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Interviews

4 Musicians on Why They’re Attending Women’s March

Artists discuss Women's March and the issues that matters most. Featuring Kino Kimino, Sharkmuffin, Fruit & Flowers, and The Space Merchants

womens march musicians

The Women’s March on Washington takes place this Saturday, January 21st – and it’s shaping up to be a historic event. We asked musicians to tell us what inspired them to attend (either in Washington, DC or at sister marches around the country), what issues are most important to them, and more. Read responses below from members of Kino Kimino, Fruit & Flowers, Sharkmuffin, and The Space Merchants.

Culture Creature’s January advertising proceeds will be donated to Ali Forney Center, a shelter and community center for homeless LGBTQ youth.

Kim Talon

Kim Talon. Photo by Thomas Ignatius

Kim Talon of Kino Kimino


What inspired you to attend Women’s March on Washington? 

Kim Talon: I heard about the march shortly after Election Day and felt deeply that I needed to be there, so I made immediate plans to travel to D.C. After Trump was elected I went through a phase of being depressed, anxious and confused. Once I started to emerge from the fog I realized I needed to do more to deal with the darkness I was experiencing. So, I started trying to figure out a way to transform the march into something personal, something that would really help me to begin the healing process. Music is always the answer for me, so that was my jumping off point.

What specific issues concern you most during the next four years, and why?

Basic women’s rights are obviously invaluable to me, but that has been eclipsed by my concerns about climate change. We are already in such a dangerous place; knowing that we’re at the start of a new downward trajectory is horrifying.

What other actions are you taking to make a difference in 2017?

I started 2017 off by organizing a protest tour for Kino Kimino around the Women’s March on Washington. We’ll be going to D.C. and back raising money for Planned Parenthood & the SPLC. More dates are in the works for the spring and I’m starting to work with other activists to organize bigger events in NY and LA. The focus for those will be climate change.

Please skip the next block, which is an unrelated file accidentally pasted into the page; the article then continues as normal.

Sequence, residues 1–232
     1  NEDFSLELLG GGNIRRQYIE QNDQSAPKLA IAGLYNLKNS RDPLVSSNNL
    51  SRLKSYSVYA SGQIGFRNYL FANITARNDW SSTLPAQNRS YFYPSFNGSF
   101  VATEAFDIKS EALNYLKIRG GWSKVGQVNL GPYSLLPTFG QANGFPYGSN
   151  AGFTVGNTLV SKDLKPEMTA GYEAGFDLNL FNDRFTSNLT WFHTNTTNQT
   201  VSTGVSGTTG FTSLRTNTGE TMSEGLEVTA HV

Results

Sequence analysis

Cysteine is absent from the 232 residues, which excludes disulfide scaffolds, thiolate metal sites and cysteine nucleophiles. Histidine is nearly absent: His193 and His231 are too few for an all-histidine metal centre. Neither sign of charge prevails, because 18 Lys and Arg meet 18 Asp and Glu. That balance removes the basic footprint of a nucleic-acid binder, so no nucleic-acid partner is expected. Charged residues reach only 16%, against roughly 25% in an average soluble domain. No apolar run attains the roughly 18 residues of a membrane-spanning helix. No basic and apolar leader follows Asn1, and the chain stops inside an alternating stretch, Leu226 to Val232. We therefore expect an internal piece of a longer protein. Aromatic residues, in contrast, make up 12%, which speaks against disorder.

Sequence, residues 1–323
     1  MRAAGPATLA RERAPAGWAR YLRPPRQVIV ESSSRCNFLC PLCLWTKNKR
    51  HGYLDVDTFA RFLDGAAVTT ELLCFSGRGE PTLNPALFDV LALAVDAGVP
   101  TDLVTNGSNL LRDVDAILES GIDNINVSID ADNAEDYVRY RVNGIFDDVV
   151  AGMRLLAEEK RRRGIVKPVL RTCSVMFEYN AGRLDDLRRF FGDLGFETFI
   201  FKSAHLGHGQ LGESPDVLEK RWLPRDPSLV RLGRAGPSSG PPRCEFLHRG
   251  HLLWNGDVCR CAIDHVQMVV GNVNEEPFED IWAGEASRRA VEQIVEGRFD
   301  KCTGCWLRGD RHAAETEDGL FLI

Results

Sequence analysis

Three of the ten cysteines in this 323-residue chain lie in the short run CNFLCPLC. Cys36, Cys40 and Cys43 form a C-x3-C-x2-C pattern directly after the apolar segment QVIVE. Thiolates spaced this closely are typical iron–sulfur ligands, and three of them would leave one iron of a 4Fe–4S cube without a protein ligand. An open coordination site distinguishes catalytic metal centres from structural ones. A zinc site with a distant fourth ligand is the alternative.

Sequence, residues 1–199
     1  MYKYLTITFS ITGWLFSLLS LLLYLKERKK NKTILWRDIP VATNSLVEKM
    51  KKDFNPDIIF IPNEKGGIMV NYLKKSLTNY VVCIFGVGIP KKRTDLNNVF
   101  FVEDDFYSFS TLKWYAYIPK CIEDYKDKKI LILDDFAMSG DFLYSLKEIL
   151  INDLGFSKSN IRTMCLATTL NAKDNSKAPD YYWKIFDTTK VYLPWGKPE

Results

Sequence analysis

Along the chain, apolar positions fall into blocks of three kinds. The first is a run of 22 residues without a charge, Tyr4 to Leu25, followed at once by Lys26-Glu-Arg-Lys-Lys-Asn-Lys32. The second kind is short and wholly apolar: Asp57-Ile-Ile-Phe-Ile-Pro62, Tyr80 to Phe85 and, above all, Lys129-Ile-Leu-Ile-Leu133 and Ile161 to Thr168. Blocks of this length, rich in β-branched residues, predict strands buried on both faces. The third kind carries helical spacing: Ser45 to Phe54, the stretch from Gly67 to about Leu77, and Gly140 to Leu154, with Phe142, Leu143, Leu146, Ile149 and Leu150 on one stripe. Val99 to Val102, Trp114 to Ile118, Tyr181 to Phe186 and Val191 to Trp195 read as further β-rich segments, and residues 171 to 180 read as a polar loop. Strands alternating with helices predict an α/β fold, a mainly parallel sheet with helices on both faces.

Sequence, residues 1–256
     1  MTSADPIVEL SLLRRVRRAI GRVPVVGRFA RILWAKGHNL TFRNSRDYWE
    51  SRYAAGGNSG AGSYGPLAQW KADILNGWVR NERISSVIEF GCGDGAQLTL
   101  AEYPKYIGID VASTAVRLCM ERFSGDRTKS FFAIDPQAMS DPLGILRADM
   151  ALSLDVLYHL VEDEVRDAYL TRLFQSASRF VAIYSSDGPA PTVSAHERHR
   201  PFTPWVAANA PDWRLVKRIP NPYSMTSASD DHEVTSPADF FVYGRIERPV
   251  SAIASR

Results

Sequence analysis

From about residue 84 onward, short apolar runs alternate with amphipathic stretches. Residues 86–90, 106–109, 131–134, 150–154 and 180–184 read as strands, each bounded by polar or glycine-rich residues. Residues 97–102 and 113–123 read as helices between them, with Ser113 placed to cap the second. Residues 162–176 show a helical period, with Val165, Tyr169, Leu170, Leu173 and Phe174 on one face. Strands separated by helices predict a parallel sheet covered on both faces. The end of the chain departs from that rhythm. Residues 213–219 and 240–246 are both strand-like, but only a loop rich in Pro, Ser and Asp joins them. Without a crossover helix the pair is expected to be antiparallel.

How does protest differ from art as a form of expression for you?

Protest allows me to unite with a much larger, like-minded community than art does. I approach my art with abandon. Nothing is organized or pre-meditated. When expressing myself in protest I feel more constrained, but less isolated. One thing they both have in common is camaraderie—in opposing but equally glorious ways. For me, that feeling of camaraderie is always tethered to women.

sharkmuffin band

Sharkmuffin (Tarra Thiessen, Natalie Kirch, Janet LaBelle)

Natalie Kirch of Sharkmuffin


What inspired you to attend Women’s March on Washington (or a sister march)?

Natalie Kirch: I am marching in NYC on January 21st. It is difficult to pinpoint one specific reason, as there are so many. It is scary and upsetting that we even have to be marching for our basic rights as women. It’s not 1960. I know humanity is flawed, but I thought the Civil Rights Movement had surpassed this long ago. Essentially, I am marching because I feel that awareness and solidarity are so important right now. Additionally, as a woman, I feel very threatened by our current President-elect. The choices I make for my body and my life should be my own and no one else’s – and that goes for every other woman as far as I am concerned.

What specific issues concern you most during the next four years, and why?

Considering that I am a woman, the most direct issues that affect me are those regarding women’s health (i.e. the right and the means to birth control, abortion, etc). I also suffer from severe allergies and asthma, which has really brought to light the issues in the health care system to me. I think everyone should have access to health care.

The United States is clearly in a very divided position right now, so I also think that we need to all try to view the current state of affairs from a variety of angles and realize that even if something does not appear to be a direct threat to us as individuals, we still need to support each other. We need to make an effort to show camaraderie to those who are being scapegoated or marginalized while still remembering that those in the majority are people as well.

What other actions are you taking to make a difference in 2017?

I plan to use my voice wherever and whenever necessary. I think a woman’s voice and opinion are two of the most empowering weapons we possess.

How does protest differ from art as a form of expression for you?

Protesting is more of a phenotypical expression of a community-based sentiment. It is always political to some degree, whereas art is a little more difficult to subscribe to any specific category or agenda. Art can exist within a movement or a movement can arise out of art. Art can also have influence on a movement, but they are two separate means of expression to me. Not every song, painting, theatrical performance, etc. relates back to current events and politics.

fruit and flowers band

Fruit and Flowers are: Caroline Yoder, Jose Berrio Lesmes, Ana Becker, Lyzi Wakefield. Photo by Stef Atkinson

Ana Becker of Fruit & Flowers


What inspired you to attend Women’s March on Washington?